For the final concert in his Barbican residency, Emanuel Ax shared the stage with Dawn Upshaw and Mr Melnyk. Mr Melnyk was invisible, of course, but Ax's first piano teacher was one of a breed celebrated in Stephen Prutsman's sweet-tempered song-cycle Piano Lessons: a setting of Billy Collins's poems on the mysterious world that opens out as a student progresses from five-finger exercises in the "open book" key of C to the "black boot" of G flat and beyond. The piano's "enormous moonlit smile" beamed through this intimate programme of songs, mazurkas and nocturnes, sung with warmth and wonder by Upshaw and played with delicacy and intelligence by Ax, each phrase gently curving into silence, with none of the angst and ego commonly associated with Chopin. An artful Schumann selection of songs closed with "Widmung", its pathos and joy ideally balanced.



'Katya Kabanova': (0871 911 0200) to 27 March



Arts and Entertainment
Keith from The Office ten years on

tv
Arts and Entertainment
Maisie Williams prepares to enter the House of Black and White as Arya Stark in Game of Thrones season five

tv
Arts and Entertainment
Albert Hammond Junior of The Strokes performs at the Natural History Museum on July 6, 2006 in London, England.

music
Arts and Entertainment
Howard Mollison, as played by Michael Gambon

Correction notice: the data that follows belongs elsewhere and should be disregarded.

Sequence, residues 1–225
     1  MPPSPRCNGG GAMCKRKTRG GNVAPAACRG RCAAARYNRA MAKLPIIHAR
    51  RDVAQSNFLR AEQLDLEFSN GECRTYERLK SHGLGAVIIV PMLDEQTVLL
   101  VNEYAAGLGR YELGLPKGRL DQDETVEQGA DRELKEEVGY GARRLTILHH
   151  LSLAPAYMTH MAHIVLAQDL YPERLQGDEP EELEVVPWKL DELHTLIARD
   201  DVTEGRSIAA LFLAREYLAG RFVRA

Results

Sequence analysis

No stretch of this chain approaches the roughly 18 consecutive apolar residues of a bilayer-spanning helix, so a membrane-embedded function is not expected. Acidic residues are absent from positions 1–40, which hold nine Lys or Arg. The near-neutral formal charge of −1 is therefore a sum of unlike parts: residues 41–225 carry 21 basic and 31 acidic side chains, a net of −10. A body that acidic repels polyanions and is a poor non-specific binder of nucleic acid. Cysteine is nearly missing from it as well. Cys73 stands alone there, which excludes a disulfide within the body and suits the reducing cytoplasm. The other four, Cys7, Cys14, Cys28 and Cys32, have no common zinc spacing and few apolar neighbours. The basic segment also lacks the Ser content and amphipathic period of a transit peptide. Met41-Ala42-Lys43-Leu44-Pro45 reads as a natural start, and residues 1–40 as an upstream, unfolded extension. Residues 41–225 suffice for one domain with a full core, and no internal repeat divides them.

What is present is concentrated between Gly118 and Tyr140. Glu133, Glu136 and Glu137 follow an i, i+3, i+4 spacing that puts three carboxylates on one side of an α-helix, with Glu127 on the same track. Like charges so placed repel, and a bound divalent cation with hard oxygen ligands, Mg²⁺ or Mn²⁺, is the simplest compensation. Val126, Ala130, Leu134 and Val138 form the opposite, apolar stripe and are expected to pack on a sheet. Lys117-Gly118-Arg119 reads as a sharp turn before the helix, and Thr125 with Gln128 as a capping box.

tv review
Arts and Entertainment
Colin Firth and Geoffrey Rush in The King's Speech

The best TV shows and films coming to the service

tv
Have you tried new the Independent Digital Edition apps?
Arts and Entertainment

ebooksNow available in paperback
Arts and Entertainment

ebooks
Arts and Entertainment
Taylor Swift won Best International Solo Female (Getty)

Brits 2015
Arts and Entertainment
Shining star: Maika Monroe, with Jake Weary, in ‘It Follows’
film review
Arts and Entertainment

Brits 2015
Arts and Entertainment
Paloma Faith arrives at the Brit Awards (Getty)

Brits 2015
Arts and Entertainment
Anne Boleyn's beheading in BBC Two's Wolf Hall

TV review
Arts and Entertainment
Follow every rainbow: Julie Andrews in 'The Sound of Music'
film Elizabeth Von Trapp reveals why the musical is so timeless
Arts and Entertainment
Bytes, camera, action: Leehom Wang in ‘Blackhat’
film
Arts and Entertainment
The Libertines will headline this year's festival
music
Arts and Entertainment
Richard Dean Anderson in the original TV series, which ran for seven seasons from 1985-1992
tv
Arts and Entertainment
Muscling in: Noah Stewart and Julia Bullock in 'The Indian Queen'

opera
Arts and Entertainment
Olivia Colman and David Tennant star in 'Broadchurch'

TVViewers predict what will happen to Miller and Hardy
Arts and Entertainment
Kevin Spacey and Robin Wright in season two of the series

Watch the new House of Cards series three trailer

TV
Arts and Entertainment
An extract from the sequel to Fight Club

books
Arts and Entertainment
David Tennant, Eve Myles and Olivia Colman in Broadchurch series two

TV Review
Arts and Entertainment
Old dogs are still learning in 'New Tricks'

TV
Arts and Entertainment
'Tonight we honour Hollywood’s best and whitest – sorry, brightest' - and other Neil Patrick Harris Oscars jokes

Oscars 2015It was the first time Barney has compered the Academy Awards

Arts and Entertainment
Patricia Arquette making her acceptance speech for winning Best Actress Award

Oscars 2015 From Meryl Streep whooping Patricia Arquette's equality speech to Chris Pine in tears

Arts and Entertainment

Oscars 2015 Mexican filmmaker uses speech to urge 'respect' for immigrants

Arts and Entertainment
Lloyd-Hughes takes the leading role as Ralph Whelan in Channel 4's epic new 10-part drama, Indian Summers